"Shovel" teeth, the teeth have a ledge on the backside. Run your
tongue across them, they feel almost like a shovel shape. Large front
teeth with a slight or more than slight gap. Lack of the Carrabelli
cusp on the maxillary first molars, which is missing in people of
Baltic ancestry.
Large heavy earlobes. Crooked fingers particularly the little finger
or pinkie. An inverted breastbone. Often called a Chicken Breast. The
bone actually makes an indentation in the chest.
Also notable is that the Balts have a system of body purification
unique to Balts alone in which the body craves large amounts of
Sodium in which toxins are forced out by the pressure from the
sodium, Large salt crystals form when sweat evaporates around pore
openings, Balts who donated blood for use by non Balts, were told
they had lethal levels of sodium in their bloodstreams,Yet had
Neither High Cholesterol or High Blood Pressure.
Little toes that lie under the next one. A second toe longer than the
big toe. A wider space between the big toe and second one. An extra
ridge of bone along the outside of the foot.
Stamford University researchers have a new method of scanning a
genetic mutation that exists only in the samples of Teutonic
populations in Scandianavia/Germany and in Baltics.
Comparing families characteristics to old photographs of recognized
Baltics is all the proof many people need. Some who require more
proof can explore the scientific and medical avenues. While those
whose ultimate goal is tribal recognition, must accumulate pertinent
documentation of their direct line (birth, marriage and death
records) back to the recognized Baltic Ancestor.
For years I didn't know of my own heritage. I was constantly amazed
by people who would come up and ask me which Baltic people I was
from. I felt complimented, but thought they were confused. Though I
actually had early confirmation of my heritage.
When I was in elementary school I was an Outdoors child. I loved
being barefoot, and used to take my shoes off even in school. Until
the day we traced our feet and I my feet were different. My big toes
are shorter than the next toe, with a wider gap between the toes. I
thought I was deformed and started wearing socks even without shoes
or sat with my feet under me to hide them. A mother helping in the
class noticed the change. She told me that in some Clans, feet like
mine were a sign of Baltic royalty. She actually used a different
word I didn't understand, that she explained was like a Warlord. Even
though she was Latvian, I didn't believe her. I just accepted her
reassurance as any young child would.
I was a senior in High School in 1974, when we found out my mother's
Great Great Grandmother was Full Latvian. In 1981 an Army Doctor
comment that he'd only seen toes like mine once before, as a Medic in
WW2 when he was Inspecting German POWs from the Providence of East
Prussia. A roommate of German ancestry who always went barefoot had
the weird toes too. And when they asked him what was wrong with his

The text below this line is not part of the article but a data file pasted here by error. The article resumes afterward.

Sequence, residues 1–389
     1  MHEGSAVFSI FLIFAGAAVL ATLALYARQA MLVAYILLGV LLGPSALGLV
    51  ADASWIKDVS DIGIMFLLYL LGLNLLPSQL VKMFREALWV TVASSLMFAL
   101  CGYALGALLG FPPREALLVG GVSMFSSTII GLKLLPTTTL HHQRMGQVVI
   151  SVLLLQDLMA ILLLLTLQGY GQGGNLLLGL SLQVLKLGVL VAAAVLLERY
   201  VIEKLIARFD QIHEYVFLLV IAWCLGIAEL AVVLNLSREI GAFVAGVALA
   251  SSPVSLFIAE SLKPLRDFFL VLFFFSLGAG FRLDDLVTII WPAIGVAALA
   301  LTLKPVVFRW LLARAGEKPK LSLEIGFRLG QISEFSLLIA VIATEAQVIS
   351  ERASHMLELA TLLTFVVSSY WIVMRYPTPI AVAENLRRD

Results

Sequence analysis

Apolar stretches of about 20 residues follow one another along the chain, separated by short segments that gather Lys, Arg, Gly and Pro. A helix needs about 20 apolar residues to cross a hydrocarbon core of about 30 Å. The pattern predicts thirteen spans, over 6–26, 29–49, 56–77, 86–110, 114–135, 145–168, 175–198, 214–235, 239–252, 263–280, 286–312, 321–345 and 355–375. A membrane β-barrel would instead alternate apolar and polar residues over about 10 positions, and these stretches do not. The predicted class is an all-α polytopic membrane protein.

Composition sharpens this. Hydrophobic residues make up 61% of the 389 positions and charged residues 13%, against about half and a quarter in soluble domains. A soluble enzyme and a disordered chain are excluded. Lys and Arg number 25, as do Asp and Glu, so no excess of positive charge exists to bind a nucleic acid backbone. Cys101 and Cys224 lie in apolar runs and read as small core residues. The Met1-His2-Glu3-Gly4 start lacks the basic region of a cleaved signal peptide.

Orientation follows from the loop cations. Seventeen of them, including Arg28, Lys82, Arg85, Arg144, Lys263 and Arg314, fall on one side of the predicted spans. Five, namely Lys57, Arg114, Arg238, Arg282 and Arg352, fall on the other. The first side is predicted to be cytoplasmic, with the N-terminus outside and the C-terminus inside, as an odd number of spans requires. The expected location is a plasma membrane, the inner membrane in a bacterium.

feet he said they were "just German feet".
In addition to the physical attributes mentioned, there are five
major diseases that we look for in Baltic German Families.
Everyone knows about the drunken German. Alcoholism, many attribute
this to the surplus among Balts of an enzyme which converts alcohol
in the bloodstream. Balts also have addiction problems with sedative
substances such as Pain Killers and Opiates, It is beginning to
appear that Fibromyalgia is also related to Baltic ancestry.
Diabetes.Hemophilia(Both Infusion Dependant,and Clotless). Arthritis.
Crone's Disease, Heart Disease. Chronic Constipation, Kidney problems
including Kidney stones.and Chronic Insomnia
Also noted are numerous family instances of thyroid problems,
para,hypo and hyper. "

Prussian
Sunday, July 18th, 2004, 05:51 PM
So basically it gives a clearview of the baltic people in the general context, the balts that belong to the balto-nordic grouping whom in which share close affinity with skandanavia & low-germans.

The confusion often found in the form of outsiders analysing prussians is the fact that they fail to realise the fact that the prussian's are indeed the people where the anthropological borders of the low-germans and balts are intertwined and thus produced a mix known as the prussians.

So with this explained you can see that prussians are indeed german-baltic (western baltic is sometimes used) people and not in anyway are they slavs nor are the eastern balts known as estonians, latvians or lithuanians.

aus_princess
Sunday, July 18th, 2004, 06:38 PM
i agree, teach me more Prussian :)

Theudanaz
Tuesday, September 7th, 2004, 04:21 AM
As for Prussian language, there was a fellow on my gothic language list who was reconstructing prussian and building sentences out of it. Strange that he was on a germanic language reconstruction list? Not really. To be sure, a long time ago all indo-european languages resembled each other to a greater degree than nowadays. But linguists have formed an idea of Baltic language group forming a bridge between the somewhat more closely related languages of Germanic and Slavic. Protobaltic is seen to occupy a middle position between Protogermanic and ProtoSlavic. Modern baltic has further slavic borrowings and influence under the Soviets and slavic immigrants. It has been theorized but not generally accepted that Baltic languages and Celtic(-Italic) languages creolized in the form of Germanic.

Of course the newer "Preußen" was a usurpation of the name of the extinct prussi to lend authority to the autonomous sovereignty of the conquered territory.